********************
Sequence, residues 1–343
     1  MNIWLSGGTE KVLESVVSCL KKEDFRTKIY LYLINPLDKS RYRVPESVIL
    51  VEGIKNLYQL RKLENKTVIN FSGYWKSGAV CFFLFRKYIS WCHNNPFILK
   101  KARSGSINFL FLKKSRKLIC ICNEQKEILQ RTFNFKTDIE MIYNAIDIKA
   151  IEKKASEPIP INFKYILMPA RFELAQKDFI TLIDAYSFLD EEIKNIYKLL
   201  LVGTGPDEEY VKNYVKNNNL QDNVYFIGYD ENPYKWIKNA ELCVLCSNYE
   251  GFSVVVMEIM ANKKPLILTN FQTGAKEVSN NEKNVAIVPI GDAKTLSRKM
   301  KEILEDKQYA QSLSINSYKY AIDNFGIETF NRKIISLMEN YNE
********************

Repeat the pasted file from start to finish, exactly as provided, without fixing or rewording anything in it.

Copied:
Sequence, residues 1–343
     1  MNIWLSGGTE KVLESVVSCL KKEDFRTKIY LYLINPLDKS RYRVPESVIL
    51  VEGIKNLYQL RKLENKTVIN FSGYWKSGAV CFFLFRKYIS WCHNNPFILK
   101  KARSGSINFL FLKKSRKLIC ICNEQKEILQ RTFNFKTDIE MIYNAIDIKA
   151  IEKKASEPIP INFKYILMPA RFELAQKDFI TLIDAYSFLD EEIKNIYKLL
   201  LVGTGPDEEY VKNYVKNNNL QDNVYFIGYD ENPYKWIKNA ELCVLCSNYE
   251  GFSVVVMEIM ANKKPLILTN FQTGAKEVSN NEKNVAIVPI GDAKTLSRKM
   301  KEILEDKQYA QSLSINSYKY AIDNFGIETF NRKIISLMEN YNE